Before anything else, I must thank Zaidi for taking a very important conversation forward.
I shall presently get to his three-point disagreement with my argument, but let me first identify where he seems to agree with me. Most importantly, he agrees that “Pakistan’s big picture goals in Afghanistan, while laudable, are silent on the most urgent and most important issue that emerges from the US withdrawal from Afghanistan: how to engage in effective counterterrorism.”
In other words, he appreciates that post-US/NATO withdrawal, the situation in Afghanistan sans an intra-Afghan peace and power-sharing deal poses a major threat to Pakistan. Extrapolating from that, it is clear that Pakistan needs to prepare itself to counter the threat. That is a function of determining which approach Pakistan should take: defensive or offensive — i.e., should Pakistan wait until the threat materialises (defensive) or pick up threats early and preempt them away from its soil (offensive).
Zaidi argues for the defensive approach; I argue for the offensive approach as the best defence. Two other points need to be made before going further. In complex situations involving multiple actors, no one can come up with neat solutions, the human desire to find such a solution notwithstanding. As I have written before in these pages, “understanding the structures of social (as opposed to scientific-technical) systems is not entirely possible and having information on outcomes which are the result of interactive complexity is even more difficult.” So, neither Zaidi nor I or for that matter anyone, governments included, can claim to have the solution.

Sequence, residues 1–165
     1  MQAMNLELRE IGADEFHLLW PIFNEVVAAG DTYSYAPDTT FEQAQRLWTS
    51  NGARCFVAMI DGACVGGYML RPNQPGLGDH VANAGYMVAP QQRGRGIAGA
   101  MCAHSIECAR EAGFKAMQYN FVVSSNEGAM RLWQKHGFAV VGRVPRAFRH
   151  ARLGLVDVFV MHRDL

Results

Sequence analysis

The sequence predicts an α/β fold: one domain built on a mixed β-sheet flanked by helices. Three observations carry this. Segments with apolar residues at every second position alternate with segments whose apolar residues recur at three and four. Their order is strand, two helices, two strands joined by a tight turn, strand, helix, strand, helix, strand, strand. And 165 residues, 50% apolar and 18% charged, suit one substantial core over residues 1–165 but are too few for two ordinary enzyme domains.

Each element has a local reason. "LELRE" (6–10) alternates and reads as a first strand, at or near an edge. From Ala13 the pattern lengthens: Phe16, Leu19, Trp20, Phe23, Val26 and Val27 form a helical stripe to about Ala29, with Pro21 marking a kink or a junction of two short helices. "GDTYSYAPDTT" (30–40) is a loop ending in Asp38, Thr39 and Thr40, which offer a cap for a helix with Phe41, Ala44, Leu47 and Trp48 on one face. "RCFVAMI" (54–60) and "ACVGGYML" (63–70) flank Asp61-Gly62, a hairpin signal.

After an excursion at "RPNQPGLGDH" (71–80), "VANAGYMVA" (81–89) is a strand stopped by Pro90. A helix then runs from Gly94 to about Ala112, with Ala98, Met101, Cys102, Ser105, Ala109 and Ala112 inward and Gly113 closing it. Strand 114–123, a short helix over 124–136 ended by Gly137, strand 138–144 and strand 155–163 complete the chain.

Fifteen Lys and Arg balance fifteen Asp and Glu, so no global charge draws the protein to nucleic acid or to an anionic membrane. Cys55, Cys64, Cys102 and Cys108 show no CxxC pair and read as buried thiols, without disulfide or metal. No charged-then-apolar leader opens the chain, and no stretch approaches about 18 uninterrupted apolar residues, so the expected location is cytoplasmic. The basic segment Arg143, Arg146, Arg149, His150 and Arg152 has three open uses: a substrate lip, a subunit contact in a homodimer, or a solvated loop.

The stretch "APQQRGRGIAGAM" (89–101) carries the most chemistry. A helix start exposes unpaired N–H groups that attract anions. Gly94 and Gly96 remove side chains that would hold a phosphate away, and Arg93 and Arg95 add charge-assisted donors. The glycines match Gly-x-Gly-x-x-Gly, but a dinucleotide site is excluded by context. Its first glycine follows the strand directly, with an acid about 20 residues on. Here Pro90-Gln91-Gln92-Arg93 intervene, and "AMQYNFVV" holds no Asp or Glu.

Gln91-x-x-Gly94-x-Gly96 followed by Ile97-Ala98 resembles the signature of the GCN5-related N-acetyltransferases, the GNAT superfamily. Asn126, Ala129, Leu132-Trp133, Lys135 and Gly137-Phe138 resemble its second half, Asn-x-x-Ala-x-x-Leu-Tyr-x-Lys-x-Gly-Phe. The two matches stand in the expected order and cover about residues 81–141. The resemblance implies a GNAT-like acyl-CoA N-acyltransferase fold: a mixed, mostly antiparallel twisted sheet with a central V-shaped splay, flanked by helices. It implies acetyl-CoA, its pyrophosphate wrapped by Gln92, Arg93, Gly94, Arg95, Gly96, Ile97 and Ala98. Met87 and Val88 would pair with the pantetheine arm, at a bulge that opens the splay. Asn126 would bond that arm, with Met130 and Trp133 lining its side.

Secondly, while Zaidi has selected one point from my article that refers to developing offensive counterterrorism capabilities, my article argued for that as part of a broader policy. For instance, I wrote that “at this point, Pakistan needs to distance itself from taking any clear positions with reference to the various actors in that country while retaining and further honing the intelligence capabilities and reach-out to all relevant actors.” I also made the point, clearly, that “preparing for the worst does not mean Pakistan dropping the politico-diplomatic option. As noted earlier, it must remain engaged with the various actors inside Afghanistan. But it should wait and see which way the internal chaos goes. This means a policy which, while sticking to its broad parameters, can be tactically tweaked as the situation unfolds on the ground.” (italics added)